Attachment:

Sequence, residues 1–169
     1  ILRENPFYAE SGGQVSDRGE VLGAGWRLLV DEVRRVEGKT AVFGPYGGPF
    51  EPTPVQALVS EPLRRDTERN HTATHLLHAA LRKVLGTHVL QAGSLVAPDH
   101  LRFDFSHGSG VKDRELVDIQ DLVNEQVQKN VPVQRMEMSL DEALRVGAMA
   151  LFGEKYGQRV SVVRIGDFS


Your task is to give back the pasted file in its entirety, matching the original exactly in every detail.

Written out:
Sequence, residues 1–169
     1  ILRENPFYAE SGGQVSDRGE VLGAGWRLLV DEVRRVEGKT AVFGPYGGPF
    51  EPTPVQALVS EPLRRDTERN HTATHLLHAA LRKVLGTHVL QAGSLVAPDH
   101  LRFDFSHGSG VKDRELVDIQ DLVNEQVQKN VPVQRMEMSL DEALRVGAMA
   151  LFGEKYGQRV SVVRIGDFS